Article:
Joe-biden-wide.jpg
Feb. 18, 2021 by Amy Sinden

Philadelphia Inquirer Op-ed: Rep. Mary Gay Scanlon Should Hold Biden's Feet to the Fire on Regulatory Agenda

In the midst of this long dark winter, it's heartening to see the Biden administration lay out a bold agenda for a more secure, fair, and sustainable future. Holding the Biden administration to its promise to reform the regulatory process to "ensure swift and effective federal action" to "improve the lives of the American people" is a crucial part of that effort. From her perch on a key congressional committee with oversight over agencies and the rulemaking process, the Delaware Valley's own Rep. Mary Gay Scanlon is well-positioned to do just that.

While not on most people's radar, the system of centralized regulatory review poses a potentially significant obstacle to President Joe Biden's ambitious agenda. Originally created by President Ronald Reagan, this process functions as the bureaucratic instantiation of the "job-killing regulations" myth that Reagan so successfully infused into the American political conversation and that politicians across the political spectrum parroted for decades afterward. The executive orders issued by both Democratic and Republican presidents to govern this process over the intervening decades reflected that false narrative—describing regulations as imposing burdens that need to be lifted and anointing economic efficiency as …

Feb. 3, 2021 by Katie Tracy
Frontline-Worker-Mask-iStock-rights-secured-wider.jpg

Since taking office, President Joe Biden has signaled a new openness to the concerns of our nation’s workers — and we at CPR are joining our allies today in calling on his administration to go much further to make workplace safety a top priority.

Biden’s early actions are auspicious. In his first days in office, Biden appointed qualified leaders to key labor posts and signed several executive orders to improve working conditions. Among those orders is one that directs the Occupational Safety and Health Administration (OSHA) to issue improved guidance to employers on protecting workers and to determine whether to issue an emergency standard to prevent and mitigate exposure to COVID-19.

Biden also withdrew an effort by the Trump administration to accelerate processing speeds at poultry plants, which would have forced workers to work faster and more closely together on the factory floor — and put workers …

Jan. 27, 2021 by Hannah Wiseman
oil-well-jack-wide.jpg

When President Trump took office in 2017, the Department of the Interior quickly moved to lease nearly all offshore lands for oil and gas development. The map was astounding; for decades, there had been relatively limited drilling in offshore waters, and many state officials and advocates were shocked to see a proposal for such extensive leasing of offshore federal lands. Indeed, notoriously conservative Rick Scott of Florida entered into a handshake deal with former Interior Secretary Ryan Zinke to avoid drilling near the state. Trump's Interior Department also attempted to lease vast swaths of onshore public lands for fossil fuel development.

President Biden has predictably followed a different approach, announcing his intent to place a moratorium on oil and gas leasing on federal onshore and offshore lands. This is a sensible solution.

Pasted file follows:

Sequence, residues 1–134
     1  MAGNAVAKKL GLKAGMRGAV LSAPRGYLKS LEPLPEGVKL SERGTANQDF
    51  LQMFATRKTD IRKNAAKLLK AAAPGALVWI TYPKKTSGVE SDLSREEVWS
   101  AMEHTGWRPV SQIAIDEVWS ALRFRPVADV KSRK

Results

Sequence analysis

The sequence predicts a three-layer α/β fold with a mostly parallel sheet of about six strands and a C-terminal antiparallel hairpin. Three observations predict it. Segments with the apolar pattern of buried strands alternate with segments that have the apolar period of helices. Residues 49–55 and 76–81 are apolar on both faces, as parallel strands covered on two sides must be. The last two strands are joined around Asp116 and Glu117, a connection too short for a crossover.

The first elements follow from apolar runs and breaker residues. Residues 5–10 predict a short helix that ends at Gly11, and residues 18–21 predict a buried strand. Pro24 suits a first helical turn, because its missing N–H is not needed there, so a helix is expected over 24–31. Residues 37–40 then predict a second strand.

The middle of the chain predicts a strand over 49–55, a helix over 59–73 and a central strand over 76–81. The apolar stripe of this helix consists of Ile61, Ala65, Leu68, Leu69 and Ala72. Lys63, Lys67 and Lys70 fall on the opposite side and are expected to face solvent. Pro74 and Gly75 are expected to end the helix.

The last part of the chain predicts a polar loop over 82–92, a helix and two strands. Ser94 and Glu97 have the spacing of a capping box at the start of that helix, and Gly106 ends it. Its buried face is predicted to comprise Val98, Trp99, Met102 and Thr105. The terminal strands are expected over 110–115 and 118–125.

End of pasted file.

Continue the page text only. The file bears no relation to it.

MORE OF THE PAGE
The United States is already working to transition to more low-carbon energy production, and oil …

Jan. 25, 2021 by Daniel Farber
USCapitol-winter-wide.jpg

This post originally ran in The Conversation and on Legal Planet and is reprinted here under Creative Commons license CC BY-ND 4.0.

The Trump administration dedicated itself to deregulation with unprecedented fervor. It rolled back scores of regulations across government agencies, including more than 80 environmental rules.

The Biden administration can reverse some of those actions quickly – for instance, as president, Joe Biden can undo Donald Trump’s executive orders with a stroke of the pen. On his first day in office, Biden used that power to start bringing the U.S. back into the Paris climate agreement and the World Health Organization, and to rescind a permit for the Keystone XL oil pipeline and orders restricting travel from several predominantly Muslim and African countries. He also ordered a temporary moratorium on oil and natural gas leases in the Arctic National Wildlife Refuge.

Undoing most regulatory …

Jan. 22, 2021 by Joseph Tomain
richard-glick.jpg

President Joe Biden named Commissioner Richard Glick as Chair of the Federal Energy Regulatory Commission (FERC) January 21. Glick succeeds Chairman James Danly. The Commission is expected to retain its Republican majority until Commissioner Neil Chatterjee's term is up on June 30.

Glick previously served as a FERC Commissioner nominated by President Trump in August 2017 and confirmed by the Senate later that year.

Before joining FERC, Glick was general counsel for the Democrats on the Senate Energy and Natural Resources Committee, serving as a senior policy advisor on numerous issues, including electricity and renewable energy. Prior to that, he was vice president of government affairs for Iberdrola, a Spanish multinational electric utility. At Iberdrola, Glick focused on the company’s renewable energy, electric and gas utility, and natural gas storage businesses in the United States. He ran the company’s Washington, DC, office and was responsible …

Jan. 21, 2021 by Katie Tracy
WorkerSafety_welder_wide.jpg

Editor's update: On April 9, 2021, President Biden nominated Doug Parker to lead OSHA. If confirmed, he'll replace Jim Frederick as Assistant Secretary for Occupational Safety and Health in the Department of Labor.